First Advisor

Robert G. Martindale

Date of Award

3-26-2021

Document Type

Thesis

Degree Name

Bachelor of Arts (B.A.) in Health Studies: Health Sciences and University Honors

Department

Health Studies

Language

English

DOI

10.15760/honors.988

Abstract

Despite significant advances in oncologic treatment, underlying cancer-associated metabolic derangements and nutritional needs remain largely neglected in cancer care. Cancer cachexia and protective metabolic changes exhibited by cancerous cells continue to pose formidable barriers to improving therapeutic outcomes and quality of life for patients. Cancer has traditionally been viewed as a proliferative disease caused by genetic mutations, but newer perspectives suggest that it is primarily a metabolic disease. The present paper discusses the etiology of cachexia and sarcopenia, and nutritional interventions that can be offered to patients suffering from these wasting disorders. The role of inflammation in cancer and the methods for preventing and resolving it with nutrition are also explored. Ultimately, a number of nutritional recommendations aimed at overcoming cachexia, resolving inflammation and improving cancer outcomes are provided based on a review of the current literature.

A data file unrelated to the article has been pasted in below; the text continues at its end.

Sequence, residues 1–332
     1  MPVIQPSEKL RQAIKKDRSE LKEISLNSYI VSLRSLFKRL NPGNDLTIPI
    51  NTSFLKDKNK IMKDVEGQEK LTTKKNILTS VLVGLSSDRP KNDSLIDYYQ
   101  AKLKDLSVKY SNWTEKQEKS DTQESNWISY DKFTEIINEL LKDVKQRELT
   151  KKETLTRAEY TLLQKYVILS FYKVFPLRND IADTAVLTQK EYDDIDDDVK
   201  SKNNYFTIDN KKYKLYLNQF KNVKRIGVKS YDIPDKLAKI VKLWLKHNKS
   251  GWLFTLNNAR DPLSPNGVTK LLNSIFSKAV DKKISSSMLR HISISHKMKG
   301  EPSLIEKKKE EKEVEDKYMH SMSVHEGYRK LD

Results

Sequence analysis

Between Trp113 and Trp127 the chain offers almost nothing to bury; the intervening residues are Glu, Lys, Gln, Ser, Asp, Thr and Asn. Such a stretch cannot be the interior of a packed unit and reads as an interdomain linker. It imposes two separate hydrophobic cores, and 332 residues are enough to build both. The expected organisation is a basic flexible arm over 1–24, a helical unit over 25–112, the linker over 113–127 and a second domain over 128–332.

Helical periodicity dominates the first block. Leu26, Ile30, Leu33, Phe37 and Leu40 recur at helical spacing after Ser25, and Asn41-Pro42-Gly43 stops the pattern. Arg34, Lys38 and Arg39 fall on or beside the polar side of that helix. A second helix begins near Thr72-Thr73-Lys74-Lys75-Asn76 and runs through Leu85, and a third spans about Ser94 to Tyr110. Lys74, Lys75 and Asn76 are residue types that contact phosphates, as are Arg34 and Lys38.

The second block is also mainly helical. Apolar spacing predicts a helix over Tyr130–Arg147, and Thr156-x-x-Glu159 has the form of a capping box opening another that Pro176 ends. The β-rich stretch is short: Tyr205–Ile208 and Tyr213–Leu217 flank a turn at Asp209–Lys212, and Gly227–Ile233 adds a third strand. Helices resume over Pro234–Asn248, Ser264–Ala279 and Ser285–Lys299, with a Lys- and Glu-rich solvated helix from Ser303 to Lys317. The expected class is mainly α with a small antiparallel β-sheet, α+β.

Rights

In Copyright. URI: http://rightsstatements.org/vocab/InC/1.0/ This Item is protected by copyright and/or related rights. You are free to use this Item in any way that is permitted by the copyright and related rights legislation that applies to your use. For other uses you need to obtain permission from the rights-holder(s).

Persistent Identifier

https://archives.pdx.edu/ds/psu/35016

Available for download on Sunday, March 26, 2023

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